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I'm at the start of creating a chess engine. When I created a function that checks if a move is legal, first I had to make the move and then check if the move had put my king in check and then unmake it.

After giving some thought on how to make a function that unmakes a move, I decided it's much simpler to just copy the board and make the hypothetical move on the copied board, so it doesn't change the original board structure at all.

But I'm worried this might be a bad idea because when I get to the AI part, as I have to copy the board completely, and it might slow down my engine. Is it so? Could you please share your thoughts about this, since I don't know much about algorithm complexity and that kind of stuff.

Thank you.

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closed as not a real question by joran, Tichodroma, ρяσѕρєя K, casperOne Jul 27 '12 at 12:03

It's difficult to tell what is being asked here. This question is ambiguous, vague, incomplete, overly broad, or rhetorical and cannot be reasonably answered in its current form. For help clarifying this question so that it can be reopened, visit the help center.If this question can be reworded to fit the rules in the help center, please edit the question.

    
you might want to check this en.wikipedia.org/wiki/Memento_pattern –  aisbaa Jul 26 '12 at 12:15
    
@geekkid - It depends a lot on the size of your board structure and on how many field updates are needed to make and unmake a move. It is not all all certain which method is the fastest, so just use the one you feel most comfortable with. –  Bo Persson Jul 30 '12 at 11:39
    
take a look at chessprogramming.wikispaces.com/Copy-Make –  TemplateRex Aug 4 '12 at 14:43

2 Answers 2

up vote 4 down vote accepted

As you say, copying the whole board is likely to slow things down quite a bit. I suggest making an undo list, to which you add the reverse of every move you make. Then to undo, simply repeatedly pop moves off the list and apply them until the list is empty. This way your AI can explore all the possibilities by using a simple recursive function with a maxdepth parameter.

Re: Bo's Comment

I respectfully disagree.

For programs written in lower-level languages a board copy may amount to a single memcpy, and then it might very well be faster. But for an object orientated python program, where there's one object per chess piece, plus metadata, a fully independent game state copy is almost certainly much slower than creating a single new "undo" object and adding it to a list.

Mind you, this has little to do with the size of the structure, and more with the number of operations required to copy that structure. Especially in python, function calls add a significant amount of overhead. According to this answer (my own), instantiating 32 piece objects in CPython is equivalent to 83 function calls, and that is presuming they do not have any subclasses other than object. Then the data allocation and copying comes on top of that.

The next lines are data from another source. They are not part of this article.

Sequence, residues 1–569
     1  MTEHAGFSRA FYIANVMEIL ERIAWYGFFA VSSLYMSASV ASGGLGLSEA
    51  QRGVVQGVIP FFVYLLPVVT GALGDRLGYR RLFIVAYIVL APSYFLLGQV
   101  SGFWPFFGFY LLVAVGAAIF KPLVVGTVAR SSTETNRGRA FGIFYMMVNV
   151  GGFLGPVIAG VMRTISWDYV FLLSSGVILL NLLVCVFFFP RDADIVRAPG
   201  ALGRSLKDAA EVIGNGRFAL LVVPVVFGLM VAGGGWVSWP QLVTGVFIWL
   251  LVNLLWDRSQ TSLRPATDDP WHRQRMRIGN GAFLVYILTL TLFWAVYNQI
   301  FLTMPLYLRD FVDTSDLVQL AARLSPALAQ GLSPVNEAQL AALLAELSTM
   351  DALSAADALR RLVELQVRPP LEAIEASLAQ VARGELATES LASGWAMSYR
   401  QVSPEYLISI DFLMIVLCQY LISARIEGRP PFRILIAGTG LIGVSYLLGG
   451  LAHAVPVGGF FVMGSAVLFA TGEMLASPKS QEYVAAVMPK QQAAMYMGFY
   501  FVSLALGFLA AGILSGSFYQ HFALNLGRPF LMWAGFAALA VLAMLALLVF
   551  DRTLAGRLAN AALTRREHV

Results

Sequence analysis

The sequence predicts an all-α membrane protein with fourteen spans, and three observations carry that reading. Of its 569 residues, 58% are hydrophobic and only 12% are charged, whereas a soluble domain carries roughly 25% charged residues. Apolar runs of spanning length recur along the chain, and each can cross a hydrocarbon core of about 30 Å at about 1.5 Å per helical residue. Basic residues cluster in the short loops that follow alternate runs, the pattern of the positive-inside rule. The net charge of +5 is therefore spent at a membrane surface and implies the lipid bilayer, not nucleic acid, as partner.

If the board had been a 16x16 numpy array, I agree a board copy might be faster.

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+1 good rollback edit –  msw Jul 26 '12 at 12:14
2  
It is not at all certain that copying the board is slower. It depends very much on the size of the board state structure. Using copy-discard makes the undo function extremely fast, which can save more than the cost of copying the board. Both methods are used in real chess programs. –  Bo Persson Jul 30 '12 at 11:31
    
@Bo See updated answer. –  Lauritz V. Thaulow Jul 30 '12 at 13:37
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I have never written a chess program in Python, but have done it in C++. There a copy can be faster, copy constructors and everything. The size of the structure goes against the available memory bandwidth, which is one limiting factor. –  Bo Persson Jul 30 '12 at 14:55
    
It depends on the architecture. Robert Hyatt, the author of Cray Blitz, which eventually became Crafty, first used copy/make because copying memory was extremely fast on a Cray. Later, he had to switch to make/unmake in Crafty when porting it to a PC, as it became a major bottleneck there (due to cache pollution). I think nowadays, most engines are using make/unmake. (I don't know about performance tuning in Python, though.) –  Philipp Claßen Jan 28 '13 at 21:34

Generally the unmake approach is used more as it avoids unnecessary copying of the board. This is especially true if you want to keep your pieces in two different forms in your Position class; as a traditional 8x8 array and as a set of 64-bit unsigned integers (bitboards).

You need to create a class to store your UnmakeMoveInfo which holds:

  • The from/to of the move.
  • The previous position hash.
  • The 'halfmove clock'.
  • The en-passant mask.
  • The captured piece.
  • The previous position flags (check, ep_move, castling rights).

So that you have all the info required to unmake the move.

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